J.C. Todd: “Who’s Missing?”


The babies who didn’t make it, your parents, theirs
and theirs. Cousins, good and awful, gerbils, the stray
cat who gave birth in the outdoor grill where your father

refused to char a London broil again. Your childhood
home, a tear-down. A volunteer that grew into
the maple where your daughter learned to climb, buzzed down

to a stump. Irene, her quick-switch crazes for collies,
for gumballs, for swamps. Aunts and uncles, former
spouses, lovers, classmates, the Dutch rabbit you walked

harnessed and leashed. And the birds, those one or two
each year who flew into the picture window, and
the answer to the question why was it called picture

when what you saw through it was real. The dogs. A brother
you went missing from—now that’s a missing you
don’t miss the way you miss your baby sister who

you never saw, yet everything you see is because
of her, her disappearance no one speaks of, that
first and always missing the measure of what’s real.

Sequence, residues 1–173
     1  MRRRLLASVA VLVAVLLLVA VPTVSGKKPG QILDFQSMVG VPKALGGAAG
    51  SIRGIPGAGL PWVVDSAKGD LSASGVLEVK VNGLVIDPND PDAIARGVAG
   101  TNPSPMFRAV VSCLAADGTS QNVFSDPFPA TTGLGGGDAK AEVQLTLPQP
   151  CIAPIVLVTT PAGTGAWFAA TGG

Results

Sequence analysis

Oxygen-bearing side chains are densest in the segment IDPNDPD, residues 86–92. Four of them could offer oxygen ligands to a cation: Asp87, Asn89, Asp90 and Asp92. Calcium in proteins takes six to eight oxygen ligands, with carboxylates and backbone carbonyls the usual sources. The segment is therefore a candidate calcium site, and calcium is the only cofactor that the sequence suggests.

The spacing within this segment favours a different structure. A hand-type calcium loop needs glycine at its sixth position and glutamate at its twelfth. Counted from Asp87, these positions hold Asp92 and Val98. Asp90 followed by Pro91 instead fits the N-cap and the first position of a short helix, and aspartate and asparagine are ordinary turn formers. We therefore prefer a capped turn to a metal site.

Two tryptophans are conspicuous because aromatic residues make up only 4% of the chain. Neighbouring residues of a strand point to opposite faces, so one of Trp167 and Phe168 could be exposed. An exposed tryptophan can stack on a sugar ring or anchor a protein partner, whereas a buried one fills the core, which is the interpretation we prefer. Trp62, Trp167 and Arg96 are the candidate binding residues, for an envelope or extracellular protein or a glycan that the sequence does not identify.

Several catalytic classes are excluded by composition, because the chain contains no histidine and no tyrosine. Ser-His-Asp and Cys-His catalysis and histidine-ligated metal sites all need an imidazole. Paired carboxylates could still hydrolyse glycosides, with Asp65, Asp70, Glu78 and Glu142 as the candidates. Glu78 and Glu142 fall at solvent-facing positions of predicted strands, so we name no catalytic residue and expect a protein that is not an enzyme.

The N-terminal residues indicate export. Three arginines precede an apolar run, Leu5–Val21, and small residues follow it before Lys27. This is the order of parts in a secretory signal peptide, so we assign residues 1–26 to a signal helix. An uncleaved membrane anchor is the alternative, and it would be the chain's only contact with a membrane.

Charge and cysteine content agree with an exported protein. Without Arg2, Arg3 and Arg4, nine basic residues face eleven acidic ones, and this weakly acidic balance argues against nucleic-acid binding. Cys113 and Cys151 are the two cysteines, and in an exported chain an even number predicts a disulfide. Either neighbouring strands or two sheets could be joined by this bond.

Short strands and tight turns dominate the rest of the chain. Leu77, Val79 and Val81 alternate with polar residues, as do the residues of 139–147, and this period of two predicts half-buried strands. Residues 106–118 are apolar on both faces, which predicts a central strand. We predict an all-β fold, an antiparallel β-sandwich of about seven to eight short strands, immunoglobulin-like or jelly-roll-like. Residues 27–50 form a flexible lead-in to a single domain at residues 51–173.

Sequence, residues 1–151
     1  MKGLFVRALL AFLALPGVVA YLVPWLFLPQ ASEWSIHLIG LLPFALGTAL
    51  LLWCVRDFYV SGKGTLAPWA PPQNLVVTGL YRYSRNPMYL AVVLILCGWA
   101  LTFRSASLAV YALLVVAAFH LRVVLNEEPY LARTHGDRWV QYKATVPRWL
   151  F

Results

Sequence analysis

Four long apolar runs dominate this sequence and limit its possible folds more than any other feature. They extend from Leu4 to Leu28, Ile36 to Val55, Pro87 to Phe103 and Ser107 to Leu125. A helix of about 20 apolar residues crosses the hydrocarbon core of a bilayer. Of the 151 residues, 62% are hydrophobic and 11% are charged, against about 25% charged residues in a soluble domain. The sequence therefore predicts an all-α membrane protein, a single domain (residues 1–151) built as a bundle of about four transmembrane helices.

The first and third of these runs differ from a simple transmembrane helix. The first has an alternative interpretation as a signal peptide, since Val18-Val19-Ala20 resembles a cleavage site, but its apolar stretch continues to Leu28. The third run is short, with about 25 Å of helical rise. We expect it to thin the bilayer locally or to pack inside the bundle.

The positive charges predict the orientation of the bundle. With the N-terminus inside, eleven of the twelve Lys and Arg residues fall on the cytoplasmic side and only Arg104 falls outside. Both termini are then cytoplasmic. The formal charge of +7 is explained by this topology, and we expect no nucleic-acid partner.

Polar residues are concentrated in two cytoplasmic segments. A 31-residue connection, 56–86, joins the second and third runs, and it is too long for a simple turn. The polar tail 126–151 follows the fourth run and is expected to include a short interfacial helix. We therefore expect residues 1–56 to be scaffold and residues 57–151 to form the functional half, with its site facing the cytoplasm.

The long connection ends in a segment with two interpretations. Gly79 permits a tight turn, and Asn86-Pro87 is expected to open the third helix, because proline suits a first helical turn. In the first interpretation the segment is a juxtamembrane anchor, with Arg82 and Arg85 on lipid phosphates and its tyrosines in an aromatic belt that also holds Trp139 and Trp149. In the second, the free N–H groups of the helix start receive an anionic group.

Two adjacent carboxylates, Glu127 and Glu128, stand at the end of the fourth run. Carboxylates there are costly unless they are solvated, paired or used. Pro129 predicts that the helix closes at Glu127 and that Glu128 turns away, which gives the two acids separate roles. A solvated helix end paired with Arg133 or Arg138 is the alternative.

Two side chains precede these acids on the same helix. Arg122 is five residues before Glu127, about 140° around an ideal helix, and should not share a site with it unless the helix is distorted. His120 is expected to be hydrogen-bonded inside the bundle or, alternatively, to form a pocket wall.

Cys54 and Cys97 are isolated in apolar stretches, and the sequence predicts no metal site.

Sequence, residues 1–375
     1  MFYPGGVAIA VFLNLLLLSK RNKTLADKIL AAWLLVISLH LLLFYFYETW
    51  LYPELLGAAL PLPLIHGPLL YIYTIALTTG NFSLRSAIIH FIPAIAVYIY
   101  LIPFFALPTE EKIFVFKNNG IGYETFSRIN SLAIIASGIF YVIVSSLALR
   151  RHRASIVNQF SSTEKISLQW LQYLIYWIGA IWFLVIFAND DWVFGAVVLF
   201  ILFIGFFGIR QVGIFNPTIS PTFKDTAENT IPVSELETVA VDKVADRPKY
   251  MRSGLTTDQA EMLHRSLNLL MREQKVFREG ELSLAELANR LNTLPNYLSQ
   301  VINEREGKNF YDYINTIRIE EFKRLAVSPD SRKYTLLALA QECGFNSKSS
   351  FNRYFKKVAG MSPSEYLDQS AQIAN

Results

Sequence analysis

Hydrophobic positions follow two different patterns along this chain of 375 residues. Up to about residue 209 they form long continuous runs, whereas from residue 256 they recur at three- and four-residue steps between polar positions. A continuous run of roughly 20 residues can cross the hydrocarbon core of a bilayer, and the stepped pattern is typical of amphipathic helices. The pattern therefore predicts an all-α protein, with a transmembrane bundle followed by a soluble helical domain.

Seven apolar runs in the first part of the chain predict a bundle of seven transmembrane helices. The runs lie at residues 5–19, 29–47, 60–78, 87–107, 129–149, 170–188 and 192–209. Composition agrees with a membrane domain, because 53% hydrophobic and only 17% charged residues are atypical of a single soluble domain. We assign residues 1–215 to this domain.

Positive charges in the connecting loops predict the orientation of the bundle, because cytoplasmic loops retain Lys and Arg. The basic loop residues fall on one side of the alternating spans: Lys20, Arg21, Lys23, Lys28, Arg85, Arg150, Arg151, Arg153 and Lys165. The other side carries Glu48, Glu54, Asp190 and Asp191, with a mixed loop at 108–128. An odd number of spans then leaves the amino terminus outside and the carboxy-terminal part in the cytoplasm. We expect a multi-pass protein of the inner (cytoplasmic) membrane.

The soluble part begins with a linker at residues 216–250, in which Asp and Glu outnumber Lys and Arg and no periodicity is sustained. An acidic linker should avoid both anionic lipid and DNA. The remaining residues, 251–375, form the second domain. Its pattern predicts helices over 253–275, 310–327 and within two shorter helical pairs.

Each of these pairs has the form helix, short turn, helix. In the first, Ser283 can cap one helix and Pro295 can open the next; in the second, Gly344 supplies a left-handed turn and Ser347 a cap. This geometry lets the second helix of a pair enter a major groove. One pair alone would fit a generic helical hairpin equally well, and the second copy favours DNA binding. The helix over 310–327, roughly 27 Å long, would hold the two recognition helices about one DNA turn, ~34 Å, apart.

J. C. Todd was awarded the 2016 Rita Dove Poetry Prize and was named the finalist in the 2015 PSA Robert Winner Memorial Contest. She holds fellowships from the Pew Foundation, the Pennsylvania Council on the Arts, and the Ucross and Ragdale Foundations. Her poetry collections include FUBAR, an artist-book collaboration (Lucia Press, 2016), What Space This Body (Wind Publications2008) and two chapbooks, with poems in American Poetry Review, Paris Review, Prairie Schooner, Virginia Quarterly Review, Beloit Poetry Journal, and Ekphrasis. She has taught poetry at Bryn Mawr College and is on the MFA faculty at Rosemont.

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